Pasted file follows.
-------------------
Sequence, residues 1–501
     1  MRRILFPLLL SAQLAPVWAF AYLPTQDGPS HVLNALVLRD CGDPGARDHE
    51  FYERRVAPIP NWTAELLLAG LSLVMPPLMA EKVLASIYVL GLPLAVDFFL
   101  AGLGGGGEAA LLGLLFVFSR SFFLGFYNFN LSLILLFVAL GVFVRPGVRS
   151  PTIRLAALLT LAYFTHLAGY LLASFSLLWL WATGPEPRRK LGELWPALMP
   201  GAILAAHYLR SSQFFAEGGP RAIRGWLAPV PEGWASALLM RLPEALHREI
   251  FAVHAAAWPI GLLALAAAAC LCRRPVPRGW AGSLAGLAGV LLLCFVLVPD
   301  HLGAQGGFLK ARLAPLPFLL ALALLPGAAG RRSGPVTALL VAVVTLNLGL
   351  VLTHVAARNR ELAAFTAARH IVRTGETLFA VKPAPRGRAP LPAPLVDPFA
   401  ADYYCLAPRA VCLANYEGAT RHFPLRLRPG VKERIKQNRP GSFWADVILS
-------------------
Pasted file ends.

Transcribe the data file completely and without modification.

Sequence, residues 1–501
     1  MRRILFPLLL SAQLAPVWAF AYLPTQDGPS HVLNALVLRD CGDPGARDHE
    51  FYERRVAPIP NWTAELLLAG LSLVMPPLMA EKVLASIYVL GLPLAVDFFL
   101  AGLGGGGEAA LLGLLFVFSR SFFLGFYNFN LSLILLFVAL GVFVRPGVRS
   151  PTIRLAALLT LAYFTHLAGY LLASFSLLWL WATGPEPRRK LGELWPALMP
   201  GAILAAHYLR SSQFFAEGGP RAIRGWLAPV PEGWASALLM RLPEALHREI
   251  FAVHAAAWPI GLLALAAAAC LCRRPVPRGW AGSLAGLAGV LLLCFVLVPD
   301  HLGAQGGFLK ARLAPLPFLL ALALLPGAAG RRSGPVTALL VAVVTLNLGL
   351  VLTHVAARNR ELAAFTAARH IVRTGETLFA VKPAPRGRAP LPAPLVDPFA
   401  ADYYCLAPRA VCLANYEGAT RHFPLRLRPG VKERIKQNRP GSFWADVILS